# Conway's Version of the Axiom of Regularity

In the Appendix to Part Zero of On Numbers and Games, John Horton Conway gives what he says is an equivalent version of the axiom of regularity in ZF.

If $P$ is a proposition that holds of a set $x$ whenever it holds for all members of $x$, then $P$ holds for every set.

This inductive principle is certainly more intuitive than what Conway calls "the peculiarly opaque form" of the axiom of regularity:

Every nonempty Class [sic] $X$ has some member disjoint from X.

I should mention that, although Conway speaks of ZF, he allows proper classes. In fact, the capitalization of "Class" in the statement of the axiom of regularity indicates that $X$ may be a proper class.

I've been trying to show the equivalence.

One direction is easy. Suppose that the axiom of regularity holds, and let $P$ be a proposition with the property above. Let $Y=\{x|\neg P(x)\}$ By the axiom of regularity, $\exists y\in Y(y\cap Y=\emptyset)$ But then all the members of $y$ satisfy $P$ and $y$ does not satisfy $P$, contradiction.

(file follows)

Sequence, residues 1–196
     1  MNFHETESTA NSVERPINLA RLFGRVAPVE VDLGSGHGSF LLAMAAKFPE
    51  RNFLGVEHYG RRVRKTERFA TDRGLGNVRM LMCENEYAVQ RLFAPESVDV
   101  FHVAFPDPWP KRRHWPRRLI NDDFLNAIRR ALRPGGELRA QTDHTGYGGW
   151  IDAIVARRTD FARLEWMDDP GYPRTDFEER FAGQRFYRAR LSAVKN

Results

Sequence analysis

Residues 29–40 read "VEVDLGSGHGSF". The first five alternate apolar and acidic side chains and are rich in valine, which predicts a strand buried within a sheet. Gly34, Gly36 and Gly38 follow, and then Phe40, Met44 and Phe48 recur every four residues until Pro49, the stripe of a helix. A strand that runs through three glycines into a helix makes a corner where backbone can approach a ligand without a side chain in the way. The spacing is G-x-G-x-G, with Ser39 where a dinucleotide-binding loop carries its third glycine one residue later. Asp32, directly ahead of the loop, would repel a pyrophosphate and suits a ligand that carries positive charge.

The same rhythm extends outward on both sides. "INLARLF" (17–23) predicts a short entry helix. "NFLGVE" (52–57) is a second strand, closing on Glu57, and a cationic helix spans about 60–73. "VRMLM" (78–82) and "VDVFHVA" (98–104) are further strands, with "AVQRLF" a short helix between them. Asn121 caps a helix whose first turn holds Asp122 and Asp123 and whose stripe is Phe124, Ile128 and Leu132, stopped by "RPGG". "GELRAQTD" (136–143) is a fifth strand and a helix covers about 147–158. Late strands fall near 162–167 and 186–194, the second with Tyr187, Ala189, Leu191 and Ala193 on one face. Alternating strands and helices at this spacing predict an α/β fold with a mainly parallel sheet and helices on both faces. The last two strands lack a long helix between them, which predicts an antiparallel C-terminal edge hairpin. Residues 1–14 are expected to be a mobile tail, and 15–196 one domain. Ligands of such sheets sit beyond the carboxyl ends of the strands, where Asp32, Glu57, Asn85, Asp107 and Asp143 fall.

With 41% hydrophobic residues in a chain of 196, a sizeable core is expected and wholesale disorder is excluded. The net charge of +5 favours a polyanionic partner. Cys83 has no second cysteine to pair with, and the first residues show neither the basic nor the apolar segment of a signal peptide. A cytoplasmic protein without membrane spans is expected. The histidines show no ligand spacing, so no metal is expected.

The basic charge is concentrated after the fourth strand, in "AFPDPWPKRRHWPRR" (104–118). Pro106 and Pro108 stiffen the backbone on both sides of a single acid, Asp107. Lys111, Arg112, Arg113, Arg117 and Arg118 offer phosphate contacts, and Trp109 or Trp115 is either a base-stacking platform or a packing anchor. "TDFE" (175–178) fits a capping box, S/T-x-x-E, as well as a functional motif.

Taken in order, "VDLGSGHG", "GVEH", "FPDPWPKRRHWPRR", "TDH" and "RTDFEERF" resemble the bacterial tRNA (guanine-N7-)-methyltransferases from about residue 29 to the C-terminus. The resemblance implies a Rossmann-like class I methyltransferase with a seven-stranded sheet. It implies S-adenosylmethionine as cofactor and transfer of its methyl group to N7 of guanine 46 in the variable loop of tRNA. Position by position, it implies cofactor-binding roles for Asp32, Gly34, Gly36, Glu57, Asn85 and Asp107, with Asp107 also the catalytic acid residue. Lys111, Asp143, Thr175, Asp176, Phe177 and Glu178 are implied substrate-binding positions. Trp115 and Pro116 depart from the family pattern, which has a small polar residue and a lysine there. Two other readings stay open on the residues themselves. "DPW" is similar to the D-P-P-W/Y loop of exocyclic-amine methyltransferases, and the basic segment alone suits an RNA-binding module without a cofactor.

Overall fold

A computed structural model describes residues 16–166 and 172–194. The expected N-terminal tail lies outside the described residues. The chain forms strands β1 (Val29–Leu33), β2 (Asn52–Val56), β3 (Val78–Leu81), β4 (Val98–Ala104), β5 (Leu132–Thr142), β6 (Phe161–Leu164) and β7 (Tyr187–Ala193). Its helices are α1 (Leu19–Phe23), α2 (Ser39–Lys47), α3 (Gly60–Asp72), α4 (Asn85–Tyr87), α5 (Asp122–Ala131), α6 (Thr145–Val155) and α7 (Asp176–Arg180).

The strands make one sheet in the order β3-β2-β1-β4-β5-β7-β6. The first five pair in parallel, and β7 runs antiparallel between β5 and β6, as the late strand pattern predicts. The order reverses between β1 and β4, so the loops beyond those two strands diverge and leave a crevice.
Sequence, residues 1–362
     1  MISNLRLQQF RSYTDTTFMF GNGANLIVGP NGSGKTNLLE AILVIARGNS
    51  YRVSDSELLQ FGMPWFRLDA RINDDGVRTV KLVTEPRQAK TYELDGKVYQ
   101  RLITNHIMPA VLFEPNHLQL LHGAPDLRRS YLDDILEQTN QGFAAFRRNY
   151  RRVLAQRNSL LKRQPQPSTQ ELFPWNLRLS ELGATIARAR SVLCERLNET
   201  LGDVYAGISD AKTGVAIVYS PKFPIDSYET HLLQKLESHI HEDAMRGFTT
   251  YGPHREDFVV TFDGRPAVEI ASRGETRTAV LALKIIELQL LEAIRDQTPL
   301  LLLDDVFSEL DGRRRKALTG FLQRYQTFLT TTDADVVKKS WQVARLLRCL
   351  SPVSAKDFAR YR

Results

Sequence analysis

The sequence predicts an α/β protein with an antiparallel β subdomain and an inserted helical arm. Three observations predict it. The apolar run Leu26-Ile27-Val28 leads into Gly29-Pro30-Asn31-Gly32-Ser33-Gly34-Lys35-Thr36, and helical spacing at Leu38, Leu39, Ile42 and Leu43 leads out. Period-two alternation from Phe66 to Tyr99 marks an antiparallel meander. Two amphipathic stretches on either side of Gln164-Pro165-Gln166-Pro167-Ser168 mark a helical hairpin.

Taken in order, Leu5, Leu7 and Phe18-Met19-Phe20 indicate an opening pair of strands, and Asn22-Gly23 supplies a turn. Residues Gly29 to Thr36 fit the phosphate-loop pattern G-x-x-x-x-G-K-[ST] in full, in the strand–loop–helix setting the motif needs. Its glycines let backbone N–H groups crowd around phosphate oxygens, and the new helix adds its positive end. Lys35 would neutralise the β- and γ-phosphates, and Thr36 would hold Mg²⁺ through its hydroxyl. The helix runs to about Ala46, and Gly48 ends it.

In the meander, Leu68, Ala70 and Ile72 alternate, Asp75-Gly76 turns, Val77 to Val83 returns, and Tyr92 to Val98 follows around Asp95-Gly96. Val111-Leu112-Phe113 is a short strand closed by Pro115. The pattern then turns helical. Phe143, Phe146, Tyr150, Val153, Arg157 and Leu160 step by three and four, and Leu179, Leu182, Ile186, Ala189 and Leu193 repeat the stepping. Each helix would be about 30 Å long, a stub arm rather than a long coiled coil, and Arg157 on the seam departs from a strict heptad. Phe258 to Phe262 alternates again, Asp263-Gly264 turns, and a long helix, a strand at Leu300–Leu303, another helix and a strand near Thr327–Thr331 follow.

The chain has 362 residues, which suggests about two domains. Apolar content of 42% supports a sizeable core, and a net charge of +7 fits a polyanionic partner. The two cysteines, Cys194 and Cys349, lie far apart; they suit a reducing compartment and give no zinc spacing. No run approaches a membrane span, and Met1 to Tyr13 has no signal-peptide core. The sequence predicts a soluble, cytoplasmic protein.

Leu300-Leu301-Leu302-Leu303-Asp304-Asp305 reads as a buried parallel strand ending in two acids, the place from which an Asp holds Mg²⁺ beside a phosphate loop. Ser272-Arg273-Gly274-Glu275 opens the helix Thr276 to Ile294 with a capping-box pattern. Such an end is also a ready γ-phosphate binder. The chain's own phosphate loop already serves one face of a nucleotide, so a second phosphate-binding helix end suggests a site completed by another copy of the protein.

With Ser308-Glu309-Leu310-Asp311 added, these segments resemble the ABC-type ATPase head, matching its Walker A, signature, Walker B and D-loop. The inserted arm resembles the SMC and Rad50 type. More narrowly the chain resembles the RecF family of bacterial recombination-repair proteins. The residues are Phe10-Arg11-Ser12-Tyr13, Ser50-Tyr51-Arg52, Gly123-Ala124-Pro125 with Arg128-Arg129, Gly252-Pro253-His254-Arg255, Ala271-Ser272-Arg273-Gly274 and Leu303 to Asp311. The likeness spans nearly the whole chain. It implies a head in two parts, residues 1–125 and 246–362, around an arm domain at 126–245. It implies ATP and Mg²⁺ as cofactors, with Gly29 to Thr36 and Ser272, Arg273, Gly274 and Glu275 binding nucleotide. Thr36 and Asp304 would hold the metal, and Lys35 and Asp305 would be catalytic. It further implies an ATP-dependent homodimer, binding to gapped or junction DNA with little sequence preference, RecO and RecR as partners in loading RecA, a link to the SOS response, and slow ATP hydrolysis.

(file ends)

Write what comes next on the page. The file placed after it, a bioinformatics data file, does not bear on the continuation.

For the other direction, assume that Conway's version holds, and let $$P(x)=x=\emptyset \vee \exists a\in x(a\cap x = \emptyset)$$ I need to show that if $P(y)$ is true for all $y\in x$ then $P(x)$ is true. So, $\forall y\in x(\exists z\in x\cap y),$ and we have $z \in y \in x$ However, $z\in x$ so we can apply the same argument repeatedly to get an infinite descending sequence $\dots \in z \in y \in x$ which I know is prohibited by the axiom of regularity, but I don't see how to use in this situation.

Can you help me to complete the proof, or show me a line that succeeds if this approach is hopeless?

• "Conway's version" is better known as $\in$-induction. (And I don't think that attributing this to Conway is historically correct either.) Mar 30 '18 at 6:41
• I didn't attribute it to Conway. I said he gives it in the Appendix to Part Zero of On Numbers and Games Look it up if you don't believe me. Mar 30 '18 at 6:48
• Look at the title of your question. Mar 30 '18 at 6:48
• That's just an informal title. You are making too much of this. I have nothing more to say on this matter. Mar 30 '18 at 6:50

Apply Conway's version with $P(x)$ being the property "every Class $A$ that has $x$ as an element also has an element $y$ such that $y\cap A=\varnothing$.